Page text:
How do you know if those annoying symptoms the result of allergies, or are they from a cold?
Written by Dr. Eric Lewis, Guest Columnist to the Asheville Citizen-Times
March 27, 2012
Spring is upon us, and I am looking forward to a very beautiful one this year in Western North Carolina. Flowers are blooming, green grass is growing and birds are chirping, along with the return of longer, warmer, sunnier days. As you can tell, I am excited.
But countering my excitement is a more suspicious player in the new season: the human nose. Sniffling, sneezing, runny noses may find objection to all this spring growth. Joining its complaint may be itchy, watery eyes, a scratchy throat and sinus aches and pressure.
Yes, it’s time for seasonal allergies to flare.
This is a tough time of year for a lot of allergy sufferers here in Asheville. I know a lot of people whose positive feelings about spring are tempered by all of the Kleenex they keep at hand.
But are those annoying symptoms the result of allergies, or are they from a cold?
With the unseasonably warm winter that’s just ended, we have noticed a curious trend here in the mountains. Despite the lack of cold temperatures, the cold, virus and flu season has been worse this year — in some cases, significantly worse. We have heard many stories of people with lingering coughs, colds and that uncomfortable aching, sore and just crummy feeling in general.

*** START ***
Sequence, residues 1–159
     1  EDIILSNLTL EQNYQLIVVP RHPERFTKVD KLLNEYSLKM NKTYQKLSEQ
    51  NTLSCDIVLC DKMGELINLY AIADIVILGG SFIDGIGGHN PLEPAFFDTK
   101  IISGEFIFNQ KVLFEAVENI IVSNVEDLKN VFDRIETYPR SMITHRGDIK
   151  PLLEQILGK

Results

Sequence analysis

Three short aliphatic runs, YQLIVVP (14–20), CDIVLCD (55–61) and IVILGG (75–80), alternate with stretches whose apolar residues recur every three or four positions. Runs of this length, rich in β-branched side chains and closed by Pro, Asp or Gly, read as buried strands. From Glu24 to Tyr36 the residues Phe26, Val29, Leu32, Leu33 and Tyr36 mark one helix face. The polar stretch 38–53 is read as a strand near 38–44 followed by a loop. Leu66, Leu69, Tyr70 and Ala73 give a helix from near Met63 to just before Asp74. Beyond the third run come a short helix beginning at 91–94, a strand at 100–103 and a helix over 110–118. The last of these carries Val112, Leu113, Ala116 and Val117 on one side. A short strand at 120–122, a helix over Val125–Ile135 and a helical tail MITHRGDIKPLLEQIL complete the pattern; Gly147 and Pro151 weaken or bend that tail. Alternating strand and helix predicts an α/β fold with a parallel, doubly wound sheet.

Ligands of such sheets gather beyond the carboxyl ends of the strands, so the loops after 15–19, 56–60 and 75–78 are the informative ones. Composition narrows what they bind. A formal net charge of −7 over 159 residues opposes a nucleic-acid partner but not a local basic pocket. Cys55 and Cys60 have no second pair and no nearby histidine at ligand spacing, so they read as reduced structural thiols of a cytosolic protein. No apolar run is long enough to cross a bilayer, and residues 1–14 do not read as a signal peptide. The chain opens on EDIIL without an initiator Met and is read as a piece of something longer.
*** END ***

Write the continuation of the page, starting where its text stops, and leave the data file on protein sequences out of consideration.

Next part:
So as we enter a season with even warmer and wetter weather, it may be difficult to tell the difference between a cold and allergies.
Nasal symptoms like runniness or congestion can be the result of either a cold or allergies. Symptoms can also be felt in the sinuses, ears or throat in both cases. The same holds true for coughing and fatigue.
How do you know the difference? One telling clue is a fever. A fever is one of the body’s main defenses against an infection, to kill off viruses or bacteria. The viruses that produce symptoms of the common cold often produce a low-grade fever (usually 99-102 F) whereas allergies do not produce a fever.
Along with a temperature, colds are often marked by body aches and pain. The deep soreness often goes beyond the general fatigue of allergies.
As for allergies, a dead giveaway is if something itches. If you want to scratch or rub your eyes, ears, nose or throat, it’s probably due to allergies and the accompanying histamine. Histamine is a chemical released by the immune system in response to an allergen like pollen, dust, dust mites or pet dander.
Timing can also give us important clues. Histamine from allergies can produce a lot of localized inflammation, often in a hurry, sometimes with a clear, watery discharge.
Even though allergy symptoms can come on quickly, they will often last as long as a person is exposed to the offending allergen. This may become very aggravating if symptoms may persist for a long period of time without getting better.
Colds tend to develop more slowly and are marked by yellow or darker mucus. A virus can run its course in a couple of days, if mild, but may take longer if it’s stronger or if the person has a difficult time in recovery.
Hopefully these clues will help you to identify why your symptoms are occurring and will help you to recover more quickly. After all, a beautiful spring is all around for us.
Eric Lewis is a naturopathic physician with Lewis Family Natural Health in Asheville. To learn more or make an appointment, call 298-4800 or visit www.lewisnaturalhealth.com.